There are some conversations that are just not destined to go well from the start: “Well, honey, the good news is that I did get to ride in a squad car …”
“Of course we have car insurance, son. Why do you ask?”
“No, dear, I didn’t say it made you look fat, exactly…”
As a financial planner, you probably have experience with awkward conversations, whether it’s confronting clients who splurge more than they save, mediating between divorcing spouses, or refereeing adult children wrangling over a parent’s estate. Yet some topics make even the most stalwart planners quake in their boots. Like succession planning.
Broaching the subject isn’t so bad when you’re talking to clients; they’re paying you to bring up things like this, even when it means discussing gloomy stuff like, well, death. But let’s say you’re an associate in a firm with a single principal, and you want to talk with him about his succession plan–in fact, you want to be his succession plan. He seems to have no plans to retire, so what you really are asking about is the future of the firm after he’s played through to the Great Golf Course in the Sky. How do you bring this up? And should you even bring it up? After all, it’s not exactly the height of professional etiquette to waltz into your boss’s office and announce brightly, “So, when you kick the bucket, I’d like to have your corner office, your clients, and everything in this building. Is that going to be a problem? By the way, how’s your health?”
Planner Karen McIntyre is about as friendly and considerate as they come, yet she thinks there’s nothing wrong with initiating this conversation–albeit in a much more tactful way. In fact, she’s already done it herself.
It helped, of course, that McIntyre and the principal of the firm that employs her had already worked together for more than a decade. It also helped that they’ve built a strong professional relationship that allows them to speak freely and honestly. Still, as a former psychology major, McIntyre, 39, thought carefully about how she wanted to approach her boss, Terry Siman, the sole principal of Executive Financial Services, Inc., a fee-only firm in Spring House, Pennsylvania. She was mindful to broach the subject in a diplomatic, non-threatening way, and she emphasized how her plan could benefit not only her, but Siman, the firm, and his clients.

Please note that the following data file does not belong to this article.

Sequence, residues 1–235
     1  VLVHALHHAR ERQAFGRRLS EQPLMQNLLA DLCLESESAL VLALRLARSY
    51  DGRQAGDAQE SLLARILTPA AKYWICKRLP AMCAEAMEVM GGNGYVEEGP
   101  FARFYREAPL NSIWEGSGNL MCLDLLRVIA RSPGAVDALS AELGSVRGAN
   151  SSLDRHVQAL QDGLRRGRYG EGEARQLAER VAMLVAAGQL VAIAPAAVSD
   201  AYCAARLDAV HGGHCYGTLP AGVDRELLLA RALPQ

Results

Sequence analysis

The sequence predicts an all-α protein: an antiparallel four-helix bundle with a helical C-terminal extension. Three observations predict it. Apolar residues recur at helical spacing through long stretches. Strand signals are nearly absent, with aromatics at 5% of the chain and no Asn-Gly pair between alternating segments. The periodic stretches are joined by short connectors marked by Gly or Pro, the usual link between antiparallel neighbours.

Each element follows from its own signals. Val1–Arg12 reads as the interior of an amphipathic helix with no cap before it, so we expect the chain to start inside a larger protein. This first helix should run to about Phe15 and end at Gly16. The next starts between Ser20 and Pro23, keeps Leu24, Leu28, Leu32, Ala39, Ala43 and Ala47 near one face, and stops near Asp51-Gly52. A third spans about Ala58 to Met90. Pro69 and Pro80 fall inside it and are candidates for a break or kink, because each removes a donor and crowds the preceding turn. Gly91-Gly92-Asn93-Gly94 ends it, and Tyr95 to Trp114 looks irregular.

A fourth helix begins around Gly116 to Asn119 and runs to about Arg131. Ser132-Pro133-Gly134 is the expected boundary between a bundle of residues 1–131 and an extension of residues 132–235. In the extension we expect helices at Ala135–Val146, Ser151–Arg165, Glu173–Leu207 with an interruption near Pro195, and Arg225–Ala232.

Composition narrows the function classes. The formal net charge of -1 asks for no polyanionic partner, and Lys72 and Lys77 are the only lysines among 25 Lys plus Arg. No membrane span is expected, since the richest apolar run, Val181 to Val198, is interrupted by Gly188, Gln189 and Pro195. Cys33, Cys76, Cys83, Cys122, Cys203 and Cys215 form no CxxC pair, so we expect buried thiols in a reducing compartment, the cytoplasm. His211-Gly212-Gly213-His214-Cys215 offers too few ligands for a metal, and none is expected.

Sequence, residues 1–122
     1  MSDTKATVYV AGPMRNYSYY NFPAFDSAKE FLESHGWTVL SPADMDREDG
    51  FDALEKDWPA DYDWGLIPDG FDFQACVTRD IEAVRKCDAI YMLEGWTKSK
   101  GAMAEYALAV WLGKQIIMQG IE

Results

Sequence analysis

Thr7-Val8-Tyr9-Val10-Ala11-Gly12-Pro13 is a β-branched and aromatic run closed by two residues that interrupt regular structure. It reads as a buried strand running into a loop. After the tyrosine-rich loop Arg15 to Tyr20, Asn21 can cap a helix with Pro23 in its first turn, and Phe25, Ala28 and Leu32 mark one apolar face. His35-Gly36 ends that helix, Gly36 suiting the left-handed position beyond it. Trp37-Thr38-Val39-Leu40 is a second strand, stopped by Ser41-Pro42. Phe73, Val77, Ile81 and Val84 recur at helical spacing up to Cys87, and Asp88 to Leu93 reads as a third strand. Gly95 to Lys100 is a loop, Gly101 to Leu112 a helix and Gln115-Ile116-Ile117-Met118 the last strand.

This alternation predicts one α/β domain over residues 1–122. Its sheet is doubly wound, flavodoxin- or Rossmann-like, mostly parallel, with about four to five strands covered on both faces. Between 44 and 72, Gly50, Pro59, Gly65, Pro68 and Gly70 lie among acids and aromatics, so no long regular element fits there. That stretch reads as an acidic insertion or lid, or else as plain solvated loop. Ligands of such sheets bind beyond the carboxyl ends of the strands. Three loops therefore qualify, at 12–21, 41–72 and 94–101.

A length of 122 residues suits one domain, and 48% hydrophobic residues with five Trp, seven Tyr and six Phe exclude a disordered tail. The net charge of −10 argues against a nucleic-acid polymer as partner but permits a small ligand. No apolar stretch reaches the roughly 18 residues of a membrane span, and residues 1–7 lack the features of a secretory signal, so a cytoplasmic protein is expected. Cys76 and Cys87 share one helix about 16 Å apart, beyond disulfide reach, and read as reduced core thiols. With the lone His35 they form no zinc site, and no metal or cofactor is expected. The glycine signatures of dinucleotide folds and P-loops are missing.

“I had an open conversation with him, and basically said, ‘I want to stay around. What are your plans?’” says McIntyre. “I wanted him to know that I’m here for the duration, and that that’s valuable to him and valuable to me.”
At first, Siman was “a bit taken aback,” she says, “because no one had ever asked him that before.” But after the initial shock, the interview turned into “a very comfortable, very supportive conversation,” she notes. “We’d had a little bit of [staff] turnover, and I think he was pleased to know that this is where I want to be, and I don’t have any plans or expectations to do anything but continue to work here.”
It turned out that Siman hadn’t made provisions for the continuation of the firm in the event of his retirement or death; he’d purchased life insurance that would replace the equity in the firm in the event of his death, and he’d prepared a letter that would be sent to clients to thank them for their years of patronage and assure them that the staff could help them transfer their accounts to other firms in the area. McIntyre didn’t want things to happen that way, and she said so–diplomatically, of course. “I said, ‘I want to have some equity, some interest, in the future of the firm,’” she recalls. “‘How do we make that happen?’”
Given McIntyre’s concerns, you might think Siman is an tottering old codger, but he’s a healthy, robust 51–a mere 12 years older than McIntyre herself. His untimely demise hardly seems imminent, and, for that matter, neither does his retirement. “He’s not going to retire tomorrow, and I don’t even think he’ll ever completely retire,” says McIntyre. “I think he enjoys the flexibility of traveling and playing golf as much as he wants to, but he also likes to have his hands in the thick of things. He’s an active daily participant in the business.” The two advisors are weighing succession arrangements not because they expect to implement them right away, but because “we’re planners–planning is what we do,” says McIntyre. “We want to have this in place so that whenever we need it down the road, it’s there.”
So it wasn’t Siman’s age that prompted McIntyre’s concerns; instead, it was September 11, 2001. “9/11 really got me thinking about the need for succession planning. I started thinking, ‘Gosh, what if something happens [to Siman]? I don’t want to go out and start over again,’” she says. “‘I love my clients! They’re my family. I don’t want to lose them.’”
It didn’t take much to convince Siman that McIntyre should become part of his succession plan; she was smart, qualified, experienced, and had similar ideas about how to run a firm. The harder part was “How do we make this happen?”